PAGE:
// wait two seconds so as not to send massive amounts of data

  mySerial.print("\n\nNext data number =");
  • See stackoverflow.com/questions/36623186/… for an explanation to why eeprom is erased. Commented Sep 22, 2017 at 10:44
  • @MikaelFalkvidd, thanks!!!, that sounds like it's probably the problem. I'm just trying to learn how to program the Attiny85 with a bootloader, when/if I do I will get back to confirm that was the reason. (might take a while as I'm in China and need to find out how to order the components I need to build the circuit)
    – Shara
    Commented Sep 25, 2017 at 0:16
  • Great that you found a solution. I think you have a better grasp of the solution than I do, so you'll be able to write a higher quality answer :) Commented Nov 28, 2017 at 8:51
  • @ Mikael Falvidd, I'm not sure, but thanks!! :)
    – Shara
    Commented Dec 9, 2017 at 21:45
  • 1
    @ Mikael Falvidd Actually in the end found my comment above about the programmer was incorrect, (such a long time since I asked the question I forgot to try disconnecting the power and when I did the programmer made no difference. Have deleted the comment so as not to confuse other people) but you did direct me the correct answer, thanks!!!, it was fuses that made a difference. Will add answer below, so happy it's working!!
    – Shara
    Commented Dec 11, 2017 at 0:12

1 Answer 1


Fixed by resetting the attiny85 fuse to stop the EEPROM being cleared when the attiny was reprogrammed.

As far as I understand (I am a newbie at AVR programming so may be wrong)

The arduino bootloader (in the Arduino IDE) sets the attiny fuses. One of the fuses that it sets (also the attiny85 default setting) clears the EEPROM when reprogramming. To see how the bootloader is setting the fuses to you can turn on verbose comments in the Arduino IDE, and run the bootloader. When I ran the bootloader it set the fuses as follows: pattiny85 -cusbtiny -e -Uefuse:w:0xff:m -Uhfuse:w:0xdf:m -Ulfuse:w:0xe2:m

i.e. arduino bootloader settings, efuse: 0xff, hfuse: 0xdf (need to change to d7), lfuse: 0xe2 (affects the clock),

You can use a fuse calculator (http://www.engbedded.com/fusecalc/) to determine how to change the fuse settings so the the EEPROM is not cleared. (In the fuse calculator tick the box for "Preserve EEPROM memory through the chip erase cycle, EESAVE=0"). When the box is ticked the hfuse setting is D7 rather than DF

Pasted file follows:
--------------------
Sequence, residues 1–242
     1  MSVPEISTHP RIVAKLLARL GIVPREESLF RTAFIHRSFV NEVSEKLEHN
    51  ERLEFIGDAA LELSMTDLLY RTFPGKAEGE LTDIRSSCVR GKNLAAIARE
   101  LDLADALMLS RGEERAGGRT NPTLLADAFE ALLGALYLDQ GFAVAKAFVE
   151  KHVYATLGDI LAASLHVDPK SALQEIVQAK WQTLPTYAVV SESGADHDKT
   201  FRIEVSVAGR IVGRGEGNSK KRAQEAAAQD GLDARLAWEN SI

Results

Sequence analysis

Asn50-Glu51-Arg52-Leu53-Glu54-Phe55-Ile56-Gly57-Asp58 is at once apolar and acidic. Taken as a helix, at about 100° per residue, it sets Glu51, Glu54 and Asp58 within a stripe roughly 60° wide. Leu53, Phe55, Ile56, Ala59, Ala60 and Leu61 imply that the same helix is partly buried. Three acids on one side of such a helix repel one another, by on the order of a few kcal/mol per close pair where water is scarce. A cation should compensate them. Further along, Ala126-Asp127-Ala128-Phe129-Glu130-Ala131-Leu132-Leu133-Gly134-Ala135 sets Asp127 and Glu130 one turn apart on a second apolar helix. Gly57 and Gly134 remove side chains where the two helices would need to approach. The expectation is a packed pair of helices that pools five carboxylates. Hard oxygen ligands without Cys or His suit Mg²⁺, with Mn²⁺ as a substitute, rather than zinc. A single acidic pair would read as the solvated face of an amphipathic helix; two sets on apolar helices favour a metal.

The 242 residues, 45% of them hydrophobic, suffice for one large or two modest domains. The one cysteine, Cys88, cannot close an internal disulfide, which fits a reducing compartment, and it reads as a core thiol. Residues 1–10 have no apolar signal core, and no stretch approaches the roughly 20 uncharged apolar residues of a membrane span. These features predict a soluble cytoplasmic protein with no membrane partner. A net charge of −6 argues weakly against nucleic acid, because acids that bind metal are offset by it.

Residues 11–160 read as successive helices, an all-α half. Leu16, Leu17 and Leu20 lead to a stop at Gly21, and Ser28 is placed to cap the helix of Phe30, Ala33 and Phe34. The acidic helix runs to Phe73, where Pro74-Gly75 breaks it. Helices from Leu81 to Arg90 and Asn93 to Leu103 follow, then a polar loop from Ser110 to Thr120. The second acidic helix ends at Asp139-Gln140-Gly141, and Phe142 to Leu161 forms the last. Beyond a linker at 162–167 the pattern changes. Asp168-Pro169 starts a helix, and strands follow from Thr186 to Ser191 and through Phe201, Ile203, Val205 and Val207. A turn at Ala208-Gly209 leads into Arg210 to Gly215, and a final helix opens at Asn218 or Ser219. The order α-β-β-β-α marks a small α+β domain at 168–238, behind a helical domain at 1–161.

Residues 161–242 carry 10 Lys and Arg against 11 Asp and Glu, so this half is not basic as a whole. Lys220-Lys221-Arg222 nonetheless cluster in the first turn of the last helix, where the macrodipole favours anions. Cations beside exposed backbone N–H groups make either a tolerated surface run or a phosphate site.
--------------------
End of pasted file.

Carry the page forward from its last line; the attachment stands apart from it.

Also note that the bootloader in Arduino sets the lfuse to 0xe2, this is different from the default (it affects the setting 'Divide clock internally by 8' if 0xe2 is used it's an 8Mhz clock, the default prior to loading the boatloader is 1Mhz). Noting this because I initally reset everything to default and then had clock problems.

The hfuse can be set to d7 by downloading and running the AVR programming software https://sourceforge.net/projects/winavr/ and then setting the fuse using avrdude in a command window. (more information on AVR setting fuses here http://www.ladyada.net/learn/avr/index.html)

I ran avrdude in a command window with the instruction: avrdude -c usbtiny -p attiny85 -U hfuse:w:0xd7:m

("-c usbtiny" specifies the programmer used so this may vary, the attiny was connected to my computer USB port using the sparkfun attiny AVR programmer).

  • The bootloader itself does not set fuses. However, the Arduino IDE's Tools > Burn Bootloader command does set the fuses according to the boards.txt configuration for the currently selected board in addition to flashing the microcontroller with the bootloader.
    – per1234
    Commented Dec 11, 2017 at 1:47
  • ok, thanks for the correction! I'm not very clear on how everything works.
    – Shara
    Commented Dec 11, 2017 at 4:01

Your Answer

By clicking “Post Your Answer”, you agree to our terms of service and acknowledge you have read our privacy policy.

Not the answer you're looking for? Browse other questions tagged or ask your own question.